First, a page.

Trends and changes in many disciplines call for new statistical methods to take care about a huge amount of data with quite complex structures and of different quality. This in turn requires many different skills besides statistical competence from today’s statisticians for successful collaboration with professionals at the authorities, companies and industries, e.g. strategic thinking and digital literacy.
Nowadays, my own teaching is fully conducted in the face-to-face form. There are various reasons for it, institutional as well as personal, e.g. traditions, habits, lack of time, regulations, etc.
Contemporary technologies offer new possibilities not only for research but also for teaching. Digital tools like various applets for simulations facilitate understanding of difficult statistical concepts and methods, video materials of high quality, open resources with available data strengthen students’ engagement in the learning process and enhance study results. Are there possibilities to create online and blended learning designs for statistics education which could be appealing for students?
It seems to be old fashioned not to use online design in statistics education. I see a large potential to use the structure of ONL course with zoom meetings, blogging and collaborative work in statistics education, especially concerning development of practical skills in data analysis and report writing. Salmon’s five-stage model (Salmon, 2013) is of a great help to properly structure an online course or a course with blended design.
Zoom-environment can help teacher to be more efficient. Already now I can think to implement blended block model (Cleveland-Innes & Wilton, 2018; Hannon & Macken, 2014) for my courses. Such a BB-model is a combination of three components: (1) intensive face-to-face sessions (lectures), (2) weekly online tutorial for activities and interaction (computer labs) and (3) online resources.
All my courses have BB-structure except online tutorials which are face-to-face meetings (computer sessions) today. Courses with computer labs devoted to data analysis using new statistical methods fit very well for implementation of blended learning design. The instructor prepares computer lab instructions and provides necessary information in advance (available for students online), and then organizes the group work and monitors it during the computer lab using Zoom-environment. Here, physical presence and room size restrictions disappear ( a standard computer class can today fit max 30 students).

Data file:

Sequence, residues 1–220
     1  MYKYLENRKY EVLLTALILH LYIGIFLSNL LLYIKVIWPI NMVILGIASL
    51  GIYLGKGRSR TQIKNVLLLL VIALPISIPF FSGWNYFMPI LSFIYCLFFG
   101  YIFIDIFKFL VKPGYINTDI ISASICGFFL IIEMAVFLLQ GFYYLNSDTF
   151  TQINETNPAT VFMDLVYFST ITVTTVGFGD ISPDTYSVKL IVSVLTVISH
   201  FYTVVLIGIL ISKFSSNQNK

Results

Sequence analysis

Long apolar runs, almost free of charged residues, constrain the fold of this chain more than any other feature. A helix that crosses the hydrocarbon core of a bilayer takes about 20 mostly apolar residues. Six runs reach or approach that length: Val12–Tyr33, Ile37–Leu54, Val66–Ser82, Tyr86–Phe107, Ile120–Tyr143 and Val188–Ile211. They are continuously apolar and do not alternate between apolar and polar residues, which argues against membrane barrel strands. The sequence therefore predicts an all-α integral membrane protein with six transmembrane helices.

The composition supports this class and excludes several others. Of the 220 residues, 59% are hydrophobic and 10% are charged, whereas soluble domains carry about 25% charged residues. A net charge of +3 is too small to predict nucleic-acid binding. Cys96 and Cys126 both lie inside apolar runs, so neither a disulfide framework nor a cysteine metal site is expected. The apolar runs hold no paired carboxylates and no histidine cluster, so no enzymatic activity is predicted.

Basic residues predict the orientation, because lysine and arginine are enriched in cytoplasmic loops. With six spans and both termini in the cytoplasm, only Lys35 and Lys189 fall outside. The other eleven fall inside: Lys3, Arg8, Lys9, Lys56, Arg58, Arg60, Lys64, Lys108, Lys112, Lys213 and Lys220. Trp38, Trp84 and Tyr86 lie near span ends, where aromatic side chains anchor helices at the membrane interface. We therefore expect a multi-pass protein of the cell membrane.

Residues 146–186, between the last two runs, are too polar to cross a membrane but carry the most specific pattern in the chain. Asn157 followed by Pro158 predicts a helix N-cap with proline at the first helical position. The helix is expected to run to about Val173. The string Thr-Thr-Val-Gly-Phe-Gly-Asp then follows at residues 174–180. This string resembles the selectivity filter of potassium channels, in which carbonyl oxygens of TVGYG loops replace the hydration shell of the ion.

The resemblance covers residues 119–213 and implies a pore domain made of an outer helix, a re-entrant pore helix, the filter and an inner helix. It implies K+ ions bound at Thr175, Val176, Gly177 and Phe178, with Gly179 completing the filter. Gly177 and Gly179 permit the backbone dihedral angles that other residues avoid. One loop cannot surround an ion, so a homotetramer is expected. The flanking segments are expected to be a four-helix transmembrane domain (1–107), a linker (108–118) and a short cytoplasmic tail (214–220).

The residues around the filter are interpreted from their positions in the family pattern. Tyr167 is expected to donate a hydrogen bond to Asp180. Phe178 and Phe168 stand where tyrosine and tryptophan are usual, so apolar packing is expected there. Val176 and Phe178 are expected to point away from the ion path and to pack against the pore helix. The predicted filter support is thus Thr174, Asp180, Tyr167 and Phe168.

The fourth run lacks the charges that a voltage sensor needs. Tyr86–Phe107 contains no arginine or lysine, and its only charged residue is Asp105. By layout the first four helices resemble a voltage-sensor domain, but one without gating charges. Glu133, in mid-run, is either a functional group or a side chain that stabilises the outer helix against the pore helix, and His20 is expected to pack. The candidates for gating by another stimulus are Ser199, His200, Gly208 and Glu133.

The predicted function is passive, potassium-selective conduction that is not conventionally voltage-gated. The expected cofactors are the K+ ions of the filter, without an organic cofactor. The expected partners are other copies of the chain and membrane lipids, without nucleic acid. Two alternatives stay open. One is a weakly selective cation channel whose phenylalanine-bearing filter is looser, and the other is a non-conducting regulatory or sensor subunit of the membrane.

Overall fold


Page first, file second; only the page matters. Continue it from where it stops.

Computer lab can be then started with some problem-based example where new statistical methods could be applied and explanation of some technical details. Later, students could work (e.g. 30 min) with data and discuss the results. Students will prepare a written (and possibly even oral) presentation of their group work and individually reflect on their work via blogs and peer-reviews. Implicit presence of the instructor could stimulate students’ independent work on the problem, at the same time (e.g. via chat or short talks) the instructor can help students to overcome some technical difficulties and facilitate the process of data analysis (e.g. guidelines during the data analysis process).
In general, there are many possibilities foe eLearning development in my own teaching. For example, PhD education suffering from a small amount of students available for PhD courses (oneor two new PhD students per year), could gain a lot if one goes over to online teaching using blended learning designs. Since face-to-face teacher-student and student-student communication are of utmost importance (Cleveland-Innes, 2018) also in PhD education, online teaching would be excellent complement.
Recenly, I learned about using recording of feedback for students. This is another possibility to facilitate students’ learning and improve the communication between teacher and students, since it is naive to believe that students Always understand teacher’s written feedback as teacher meant it.
”Going blended” is about more than just technology—it’s about rethinking instruction and effectively managing innovation over time.-M. Horn and H. Staker, education experts.
Cleveland-Innes M. & Wilton D. (2018). Guide to Blended Learning. Burnaby: Commonwealth of Learning.
Cleveland-Innes, M. (2018) Community of Inquiry and Teaching Presence: Facilitation in online and blended learning. Presentation slides from ONL181 webinar.
Hannon J. & Macken C. (2014). Blended and online curriculum design toolkit. La Trobe
Salmon, G (2013) The Five Stage Model. [Homepage] http://www.gillysalmon.com/five-stage-model.html